Although the show was first developed for Channel 10, that station canceled it, along with other shows, because of financial problems; Channel 1 saw the pilot, read the scripts and bought it. Although there were some concerns about Channel 1, as a public station, being able to host a sharp satire like this, there was some precedent: the station had aired two other satires, “Nikui Rosh” in the 1970s and “Ha-Hamishiyah Ha-Kamerit” in the 1990s, and in a bid to be more relevant, recently aired “Shomrei Asaf,” released in the US as “The Gatekeepers,” about the Shin Bet.

Marcus believes that although the promo — pulled from one of the show’s most extreme sketches — was released deliberately to create a buzz, the exact nature of the buzz and the extent of the virality was not what Channel 1 had expected. “They didn’t understand how a 19-second promo would be seen,” she said. While these responses don’t surprise her, she doesn’t feel that the promo adequately represents the content of the show as a whole. “I thought that when people would watch the show, there would be a lot of reaction. It’s a great sketch — one of my favorites — but it positions the show in a specific place. Left-wing extremists won’t find it a hard enough satire, and the right wing will think we’re too left-wing, so they won’t watch it. It’s a shame people won’t judge the show from the show itself.”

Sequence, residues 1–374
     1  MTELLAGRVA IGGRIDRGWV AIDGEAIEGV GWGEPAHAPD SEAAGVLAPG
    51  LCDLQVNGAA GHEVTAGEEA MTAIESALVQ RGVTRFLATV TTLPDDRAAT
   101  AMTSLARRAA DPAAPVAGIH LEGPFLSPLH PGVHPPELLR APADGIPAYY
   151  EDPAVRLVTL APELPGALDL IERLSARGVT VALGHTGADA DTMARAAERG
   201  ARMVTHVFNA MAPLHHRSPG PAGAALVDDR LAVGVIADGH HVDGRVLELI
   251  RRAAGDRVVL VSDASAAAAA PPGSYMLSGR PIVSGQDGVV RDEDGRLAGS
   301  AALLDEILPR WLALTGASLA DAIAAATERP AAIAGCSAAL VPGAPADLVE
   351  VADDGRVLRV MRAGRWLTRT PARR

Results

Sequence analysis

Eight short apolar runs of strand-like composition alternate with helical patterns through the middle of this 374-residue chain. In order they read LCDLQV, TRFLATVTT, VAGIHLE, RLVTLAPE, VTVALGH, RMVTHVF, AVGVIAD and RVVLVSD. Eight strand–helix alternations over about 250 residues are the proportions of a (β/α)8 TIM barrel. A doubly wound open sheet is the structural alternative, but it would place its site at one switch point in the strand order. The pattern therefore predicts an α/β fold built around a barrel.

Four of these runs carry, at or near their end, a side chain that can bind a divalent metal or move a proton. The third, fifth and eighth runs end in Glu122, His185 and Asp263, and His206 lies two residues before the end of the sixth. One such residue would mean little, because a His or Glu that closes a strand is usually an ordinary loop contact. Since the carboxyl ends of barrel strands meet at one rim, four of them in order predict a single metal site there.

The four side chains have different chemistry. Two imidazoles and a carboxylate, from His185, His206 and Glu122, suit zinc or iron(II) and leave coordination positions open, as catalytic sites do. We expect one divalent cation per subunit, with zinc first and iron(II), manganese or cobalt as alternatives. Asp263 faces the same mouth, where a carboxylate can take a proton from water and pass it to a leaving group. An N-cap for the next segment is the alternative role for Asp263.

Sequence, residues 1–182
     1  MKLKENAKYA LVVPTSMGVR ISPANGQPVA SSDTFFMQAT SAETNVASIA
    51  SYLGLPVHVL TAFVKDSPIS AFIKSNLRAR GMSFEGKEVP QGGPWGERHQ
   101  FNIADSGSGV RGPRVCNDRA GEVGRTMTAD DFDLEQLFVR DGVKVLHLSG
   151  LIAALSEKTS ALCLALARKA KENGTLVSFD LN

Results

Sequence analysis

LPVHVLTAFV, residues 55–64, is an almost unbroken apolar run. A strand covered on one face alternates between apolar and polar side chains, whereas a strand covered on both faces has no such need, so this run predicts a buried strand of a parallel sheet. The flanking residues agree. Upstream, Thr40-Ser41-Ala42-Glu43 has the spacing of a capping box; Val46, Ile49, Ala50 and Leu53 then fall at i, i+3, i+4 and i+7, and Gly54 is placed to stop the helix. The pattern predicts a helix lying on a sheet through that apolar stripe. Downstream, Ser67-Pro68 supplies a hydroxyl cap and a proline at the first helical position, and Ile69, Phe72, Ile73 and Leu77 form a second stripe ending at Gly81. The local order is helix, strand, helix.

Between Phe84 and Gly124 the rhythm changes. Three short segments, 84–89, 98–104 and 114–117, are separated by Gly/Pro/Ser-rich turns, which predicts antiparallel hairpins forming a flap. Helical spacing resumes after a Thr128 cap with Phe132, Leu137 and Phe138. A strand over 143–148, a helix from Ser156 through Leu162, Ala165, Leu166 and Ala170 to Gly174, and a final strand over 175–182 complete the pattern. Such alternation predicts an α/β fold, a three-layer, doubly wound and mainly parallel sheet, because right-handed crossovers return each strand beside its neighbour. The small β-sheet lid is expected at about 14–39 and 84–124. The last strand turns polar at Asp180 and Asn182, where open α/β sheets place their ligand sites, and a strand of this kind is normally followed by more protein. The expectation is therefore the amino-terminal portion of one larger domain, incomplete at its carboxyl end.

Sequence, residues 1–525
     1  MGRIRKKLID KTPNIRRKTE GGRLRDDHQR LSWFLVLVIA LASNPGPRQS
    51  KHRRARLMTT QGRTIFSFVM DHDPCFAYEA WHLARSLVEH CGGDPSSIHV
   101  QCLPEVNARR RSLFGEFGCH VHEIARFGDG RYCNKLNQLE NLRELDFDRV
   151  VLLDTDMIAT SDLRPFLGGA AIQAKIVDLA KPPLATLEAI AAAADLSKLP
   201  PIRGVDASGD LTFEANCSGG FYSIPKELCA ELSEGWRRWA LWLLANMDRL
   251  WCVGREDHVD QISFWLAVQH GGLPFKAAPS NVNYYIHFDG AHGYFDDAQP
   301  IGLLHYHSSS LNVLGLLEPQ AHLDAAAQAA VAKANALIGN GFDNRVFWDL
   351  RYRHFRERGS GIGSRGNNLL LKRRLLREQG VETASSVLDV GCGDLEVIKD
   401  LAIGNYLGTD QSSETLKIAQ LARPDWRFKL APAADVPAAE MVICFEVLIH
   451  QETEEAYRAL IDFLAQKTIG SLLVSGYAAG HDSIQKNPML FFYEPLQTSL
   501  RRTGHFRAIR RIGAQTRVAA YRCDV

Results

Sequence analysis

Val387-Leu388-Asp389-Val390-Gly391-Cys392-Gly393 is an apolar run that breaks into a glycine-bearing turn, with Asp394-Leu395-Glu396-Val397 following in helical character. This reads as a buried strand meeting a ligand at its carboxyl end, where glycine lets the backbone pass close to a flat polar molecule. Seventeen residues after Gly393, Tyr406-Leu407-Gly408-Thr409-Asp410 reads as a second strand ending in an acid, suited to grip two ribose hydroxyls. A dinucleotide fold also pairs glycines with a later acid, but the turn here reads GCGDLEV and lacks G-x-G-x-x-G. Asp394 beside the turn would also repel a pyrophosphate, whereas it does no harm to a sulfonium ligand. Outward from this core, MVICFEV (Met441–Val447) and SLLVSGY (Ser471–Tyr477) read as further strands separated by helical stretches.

Broadly speaking, Israeli comedy is much darker, more immediate and less politically correct than its American broadcast counterpart. “Maybe compared to the U.S., we have a mentality of making jokes very quickly,” Marcus said. “In the history of the Jewish people, we take it to a humorous perspective and this is how we survived. Humor was always embedded in our DNA.” But this doesn’t mean that there’s nothing off-limits. Even such well-accepted cultural satires as “Eretz Nehederet” will occasionally do an “extreme sketch that causes a big reaction.” As two examples, Marcus named an “Eretz Nehederet” sketch about Israel arranging to “rent” captured prisoner Gilad Shalit for 6 months a year — because rescuing him came at “an impossible price” — that caused an uproar, and an episode of “Matzav Ha’Umah” that posed a question about God’s potential existence, which “broke hell here,” Marcus remembered. “There are a lot of traditional people in the Israeli audience.”

So will “The Jews Are Coming” be coming to Channel 1 anytime soon? The timeline, which originally included an airdate at the beginning of October, is now on hold. Because it’s a public programming slate, developed using Israeli taxes, the approval always had to come from the Knesset. Now, “after this big explosion, we don’t know,” Marcus admitted. “We are ready and we want to believe we will be able to air the show as is. If they start censoring because they feel it is too extreme, that’s a whole different story. Everything’s hazy. Anything can happen.”